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Universal credit: how does it work?
Universal credit: Childcare
Universal credit (UC) is gradually replacing income support, income-based jobseeker’s allowance, income related employment and support allowance, housing benefit, child tax credit and working tax credit. It is a monthly benefit and the amount you receive is based on your circumstances and income in the previous monthly ‘assessment period’. Existing tax credit claimants may be able to get the childcare element of working tax credit if they start paying for childcare costs.
UC is made up of different elements. You qualify for the different elements based on your household circumstances. All of the elements you qualify for are added together to find a maximum amount which is then reduced based on your income.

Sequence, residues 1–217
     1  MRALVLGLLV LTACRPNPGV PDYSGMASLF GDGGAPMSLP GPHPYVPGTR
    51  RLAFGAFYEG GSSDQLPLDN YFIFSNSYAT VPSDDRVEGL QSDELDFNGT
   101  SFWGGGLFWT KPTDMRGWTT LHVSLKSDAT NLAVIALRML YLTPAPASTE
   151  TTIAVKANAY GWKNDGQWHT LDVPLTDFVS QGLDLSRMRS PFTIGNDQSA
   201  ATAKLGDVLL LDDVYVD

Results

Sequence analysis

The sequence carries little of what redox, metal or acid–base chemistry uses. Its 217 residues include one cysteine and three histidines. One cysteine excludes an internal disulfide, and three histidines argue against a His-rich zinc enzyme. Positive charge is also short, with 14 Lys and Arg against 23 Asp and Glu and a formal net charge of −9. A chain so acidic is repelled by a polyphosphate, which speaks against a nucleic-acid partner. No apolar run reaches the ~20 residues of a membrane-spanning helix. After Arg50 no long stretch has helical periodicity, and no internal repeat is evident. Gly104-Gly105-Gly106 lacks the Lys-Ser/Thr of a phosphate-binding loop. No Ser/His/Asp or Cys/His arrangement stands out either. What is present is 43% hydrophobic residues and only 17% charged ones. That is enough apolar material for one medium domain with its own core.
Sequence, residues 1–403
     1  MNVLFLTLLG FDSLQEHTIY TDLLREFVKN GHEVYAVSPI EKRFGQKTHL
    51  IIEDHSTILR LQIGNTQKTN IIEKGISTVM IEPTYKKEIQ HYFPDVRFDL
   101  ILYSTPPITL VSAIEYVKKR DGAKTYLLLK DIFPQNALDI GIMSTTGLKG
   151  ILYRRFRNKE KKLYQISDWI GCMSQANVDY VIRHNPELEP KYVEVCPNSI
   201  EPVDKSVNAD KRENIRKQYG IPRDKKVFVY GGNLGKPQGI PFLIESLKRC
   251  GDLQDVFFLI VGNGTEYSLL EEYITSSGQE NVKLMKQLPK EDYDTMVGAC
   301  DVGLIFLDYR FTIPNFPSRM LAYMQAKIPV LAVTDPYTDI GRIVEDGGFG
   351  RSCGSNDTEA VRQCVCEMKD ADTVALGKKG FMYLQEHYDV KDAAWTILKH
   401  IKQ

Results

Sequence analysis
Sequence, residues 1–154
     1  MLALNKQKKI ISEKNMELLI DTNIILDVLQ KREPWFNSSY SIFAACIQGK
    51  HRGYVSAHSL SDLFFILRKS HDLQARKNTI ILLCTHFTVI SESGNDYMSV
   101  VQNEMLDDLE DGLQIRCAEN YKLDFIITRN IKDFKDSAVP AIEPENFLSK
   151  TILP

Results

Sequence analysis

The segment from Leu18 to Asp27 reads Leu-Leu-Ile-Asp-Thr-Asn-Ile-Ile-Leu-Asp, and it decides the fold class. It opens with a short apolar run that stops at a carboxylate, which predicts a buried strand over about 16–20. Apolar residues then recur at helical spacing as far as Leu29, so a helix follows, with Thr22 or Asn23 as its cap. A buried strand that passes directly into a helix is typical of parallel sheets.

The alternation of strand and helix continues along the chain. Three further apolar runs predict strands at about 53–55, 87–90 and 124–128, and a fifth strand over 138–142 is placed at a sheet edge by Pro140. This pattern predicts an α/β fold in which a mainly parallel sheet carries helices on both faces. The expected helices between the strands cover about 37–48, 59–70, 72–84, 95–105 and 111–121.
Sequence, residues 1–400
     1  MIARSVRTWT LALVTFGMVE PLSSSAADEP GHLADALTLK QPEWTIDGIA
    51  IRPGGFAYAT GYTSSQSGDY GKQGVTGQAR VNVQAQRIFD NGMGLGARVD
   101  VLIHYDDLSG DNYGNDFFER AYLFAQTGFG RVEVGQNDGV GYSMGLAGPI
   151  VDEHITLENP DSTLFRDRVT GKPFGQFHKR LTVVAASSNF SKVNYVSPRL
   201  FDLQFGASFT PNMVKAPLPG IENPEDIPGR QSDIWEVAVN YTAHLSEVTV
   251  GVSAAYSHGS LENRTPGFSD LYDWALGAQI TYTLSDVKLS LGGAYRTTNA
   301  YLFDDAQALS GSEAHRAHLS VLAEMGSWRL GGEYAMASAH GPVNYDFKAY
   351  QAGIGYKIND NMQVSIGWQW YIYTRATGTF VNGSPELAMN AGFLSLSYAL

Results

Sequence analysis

Universal credit includes a childcare element. If you meet the qualifying conditions and you have eligible childcare costs, you can include your childcare costs in your claim. This element is worth up to 85% of your childcare costs. The maximum you can claim is 85% of £760.42 per month for one child (£646.35) or £1,303.57 (£1,108.04) per month for two or more children.
To get the childcare element, you normally report the childcare costs you have paid in the previous assessment period. You should report your costs through your UC online journal by the end of the assessment period for the support to be included in your next UC payment but, if there’s a delay, you still have up to the end of the following assessment period to report your childcare costs and the relating childcare element will be paid with that following UC award. Universal credit is usually paid monthly into your bank account but you can ask for more frequent or alternative payments arrangements.
Due to the impacts of the coronavirus outbreak in the UK (March 2020 onwards), several alterations to the normal rules are in place relating to the childcare element of UC. Please see our coronavirus section for more information.